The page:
By Jim Ellis — July 15, 2022
SenateMissouri: Greitens Gets Help — A Super PAC called Missouri First Action PAC, which the Daily Kos Elections site reports that Home Depot co-founder Bernie Marcus principally funds, is spending $820,000 on a closing media buy to defend former Gov. Eric Greitens against the recent attacks that have displaced him from the polling lead.
The text of the first ad claims the attackers are doing so because “he’ll work for us and see President Trump’s America first agenda through.” The principal attacker, however, is Greitens ex-wife, Sheena Greitens, who details the physical abuse her son endured from his father. The open Missouri primary is Aug. 2. Attorney General Eric Schmitt and US Rep. Vicky Hartzler (R-Harrisonville) are Greitens’ top GOP opponents. The seat is open because Republican Sen. Roy Blunt is retiring.
NY-10: Rep. Jones’s, de Blasio Report Fundraising Hauls — US Rep. Mondaire Jones (D-Westchester County), who decided to seek re-election in a New York City seat about an hour’s drive from his Westchester County district after Rep. Sean Patrick Maloney (D-Cold Spring) decided to run against him, is going to report a major resource advantage over former New York City Mayor Bill de Blasio (D). The two are disclosing similar quarterly fundraising totals, Jones’s $524,000 compared to de Blasio’s $510,000, but the congressman’s cash-on-hand total of $2.8 million at the end of June dwarfs de Blasio’s $361,000.
The pair are part of a 13-person Democratic primary field for the new south Manhattan district that the court-ordered redistricting plan created. The Aug. 23 Democratic primary winner will likely claim the seat in November, but there is a potential interesting general election scenario developing.
In addition to Jones and de Blasio, the field features state Assemblywomen Jo Anne Simon (D-Brooklyn) and Yuh-Line Niou (D-NYC), New York City Councilwoman Carlina Rivera, and former US congresswoman and ex-NYC Comptroller Elizabeth Holtzman. Four of the 13 candidates, including Jones, de Blasio, Niou, and Rivera, are also competing for the Working Families Party ballot line. This means we could see a competitive general election if different candidates win the Democratic and WF lines.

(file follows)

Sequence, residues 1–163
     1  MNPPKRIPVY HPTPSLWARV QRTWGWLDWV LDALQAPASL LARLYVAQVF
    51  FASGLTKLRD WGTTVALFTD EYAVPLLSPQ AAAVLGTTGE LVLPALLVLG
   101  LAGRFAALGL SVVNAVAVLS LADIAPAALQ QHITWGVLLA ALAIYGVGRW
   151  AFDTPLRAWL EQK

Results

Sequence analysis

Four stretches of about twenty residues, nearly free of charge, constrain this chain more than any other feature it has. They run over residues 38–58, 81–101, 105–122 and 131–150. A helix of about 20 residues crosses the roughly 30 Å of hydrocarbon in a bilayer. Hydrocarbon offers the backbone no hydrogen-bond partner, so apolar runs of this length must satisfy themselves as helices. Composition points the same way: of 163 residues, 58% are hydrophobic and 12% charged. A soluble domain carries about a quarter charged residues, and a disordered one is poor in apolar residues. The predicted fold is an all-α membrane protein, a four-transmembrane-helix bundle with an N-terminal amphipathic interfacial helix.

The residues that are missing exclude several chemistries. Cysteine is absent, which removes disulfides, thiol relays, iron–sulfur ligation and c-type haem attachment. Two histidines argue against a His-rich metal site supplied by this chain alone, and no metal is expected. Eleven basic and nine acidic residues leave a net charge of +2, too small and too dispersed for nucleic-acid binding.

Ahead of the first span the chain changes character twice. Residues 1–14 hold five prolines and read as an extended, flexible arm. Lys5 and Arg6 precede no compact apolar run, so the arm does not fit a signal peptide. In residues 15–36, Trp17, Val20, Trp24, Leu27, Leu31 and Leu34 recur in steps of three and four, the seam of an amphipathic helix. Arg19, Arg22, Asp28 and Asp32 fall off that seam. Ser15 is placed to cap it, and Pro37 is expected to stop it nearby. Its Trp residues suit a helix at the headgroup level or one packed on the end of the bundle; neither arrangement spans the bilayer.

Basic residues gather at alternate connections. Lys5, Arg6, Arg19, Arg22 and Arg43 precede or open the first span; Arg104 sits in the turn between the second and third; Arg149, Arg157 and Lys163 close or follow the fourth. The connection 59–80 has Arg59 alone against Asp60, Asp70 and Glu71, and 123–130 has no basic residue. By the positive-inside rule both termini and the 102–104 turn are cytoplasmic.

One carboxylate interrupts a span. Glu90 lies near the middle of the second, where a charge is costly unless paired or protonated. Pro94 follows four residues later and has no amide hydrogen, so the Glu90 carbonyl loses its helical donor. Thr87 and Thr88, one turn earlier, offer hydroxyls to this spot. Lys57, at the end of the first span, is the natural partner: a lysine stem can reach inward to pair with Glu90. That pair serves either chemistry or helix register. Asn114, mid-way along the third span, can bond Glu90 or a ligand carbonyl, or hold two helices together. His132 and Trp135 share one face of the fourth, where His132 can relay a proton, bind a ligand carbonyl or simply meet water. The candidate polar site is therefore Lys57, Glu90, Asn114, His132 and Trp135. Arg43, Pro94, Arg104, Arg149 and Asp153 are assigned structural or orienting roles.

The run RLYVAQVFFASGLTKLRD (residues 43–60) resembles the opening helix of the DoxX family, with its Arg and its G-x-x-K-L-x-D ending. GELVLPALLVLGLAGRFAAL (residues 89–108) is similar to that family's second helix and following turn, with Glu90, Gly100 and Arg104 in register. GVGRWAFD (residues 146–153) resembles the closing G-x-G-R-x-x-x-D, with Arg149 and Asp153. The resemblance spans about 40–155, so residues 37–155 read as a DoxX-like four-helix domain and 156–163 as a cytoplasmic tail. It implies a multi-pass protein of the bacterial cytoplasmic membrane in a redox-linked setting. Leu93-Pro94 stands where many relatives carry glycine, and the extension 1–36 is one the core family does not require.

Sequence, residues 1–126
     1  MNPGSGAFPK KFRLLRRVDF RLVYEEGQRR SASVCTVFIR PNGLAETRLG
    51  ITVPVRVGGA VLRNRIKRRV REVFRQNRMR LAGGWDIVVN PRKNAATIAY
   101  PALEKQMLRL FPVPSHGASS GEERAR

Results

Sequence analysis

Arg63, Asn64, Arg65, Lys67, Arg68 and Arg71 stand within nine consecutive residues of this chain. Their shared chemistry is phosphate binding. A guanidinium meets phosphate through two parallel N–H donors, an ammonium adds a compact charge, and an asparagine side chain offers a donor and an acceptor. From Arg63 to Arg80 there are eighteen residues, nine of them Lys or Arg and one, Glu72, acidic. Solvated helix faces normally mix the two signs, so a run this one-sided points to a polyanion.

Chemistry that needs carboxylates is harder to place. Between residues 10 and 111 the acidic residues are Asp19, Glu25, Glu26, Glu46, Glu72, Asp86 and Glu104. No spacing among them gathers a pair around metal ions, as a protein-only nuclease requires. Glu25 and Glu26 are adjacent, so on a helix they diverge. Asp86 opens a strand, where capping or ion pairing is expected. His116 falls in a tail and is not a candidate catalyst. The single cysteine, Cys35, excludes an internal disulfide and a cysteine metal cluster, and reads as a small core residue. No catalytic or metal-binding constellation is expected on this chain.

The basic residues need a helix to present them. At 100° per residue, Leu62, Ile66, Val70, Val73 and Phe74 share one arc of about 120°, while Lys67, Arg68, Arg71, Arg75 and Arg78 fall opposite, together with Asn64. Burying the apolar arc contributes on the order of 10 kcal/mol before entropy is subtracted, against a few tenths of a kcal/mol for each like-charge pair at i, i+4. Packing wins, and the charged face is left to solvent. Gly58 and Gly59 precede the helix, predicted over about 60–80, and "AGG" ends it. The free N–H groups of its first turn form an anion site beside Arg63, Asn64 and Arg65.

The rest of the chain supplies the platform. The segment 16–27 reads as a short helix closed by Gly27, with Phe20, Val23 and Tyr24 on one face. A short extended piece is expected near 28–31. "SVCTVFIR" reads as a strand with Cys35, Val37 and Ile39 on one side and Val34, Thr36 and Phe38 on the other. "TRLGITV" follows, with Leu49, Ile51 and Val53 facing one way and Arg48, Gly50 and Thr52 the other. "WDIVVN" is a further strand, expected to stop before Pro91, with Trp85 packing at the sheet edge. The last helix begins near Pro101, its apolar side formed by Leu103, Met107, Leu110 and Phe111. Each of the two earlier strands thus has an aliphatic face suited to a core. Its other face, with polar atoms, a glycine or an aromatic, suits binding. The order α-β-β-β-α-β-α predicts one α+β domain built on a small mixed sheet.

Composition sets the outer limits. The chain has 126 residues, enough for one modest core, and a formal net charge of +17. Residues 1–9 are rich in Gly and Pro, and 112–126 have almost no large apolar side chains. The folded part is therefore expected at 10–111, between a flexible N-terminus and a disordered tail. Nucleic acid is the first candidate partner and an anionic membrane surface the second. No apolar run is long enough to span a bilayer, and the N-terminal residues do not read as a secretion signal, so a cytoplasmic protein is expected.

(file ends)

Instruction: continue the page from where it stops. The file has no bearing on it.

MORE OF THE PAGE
Michigan: Gov. Whitmer Leads in Polling Scenarios — The Glengariff Group, a frequent Michigan political pollster, released their latest survey, which pairs Gov. Gretchen Whitmer (D) with the leading GOP primary contenders. The poll, conducted for Detroit television station WDIV and the Detroit News (July 5-8; 600 likely Michigan general election voters; live interview) finds Gov. Whitmer comfortably ahead of the top three Republican candidates, but with margins indicating the November election could become competitive.
Against GOP polling leader Tudor Dixon, an online radio show host, Gov. Whitmer is staked to a 51-40 percent lead. Her advantage is similar against businessman Kevin Rinke and real estate broker Ryan Kelley, 52-40 percent over the former, and 50-41 percent against the latter. The Michigan GOP field was upended when early race leader, former Detroit Police Chief James Craig, was disqualified when he failed to produce the required number of valid petition signatures. With Whitmer in the low 50s in all scenarios, we can expect this race to close after the Aug. 2 primary when the GOP will choose a nominee.
Texas: More of the Same — The typical Texas polling pattern usually projects relatively close general election pairings, and the Republican candidate generally winning by a greater percentage than the data predicts. It’s likely we’re seeing the same progression emerge in the 2022 governor’s race. The latest YouGov/University of Houston poll (June 27-July 7; 1,169 registered Texas voters; 1,006 likely Texas general election voters; online) finds Republican Gov. Greg Abbott, seeking a third term, topping former US Rep. and 2020 presidential candidate Beto O’Rourke (D) by a 47-42 percent margin.
Since the Texas March 1 primary, nine gubernatorial polls have been released, with Abbott leading in each. His range roams from 42 to 56 percent, with O’Rourke placing between 37-44 percent. Expect Gov. Abbott to record a comfortable victory in November.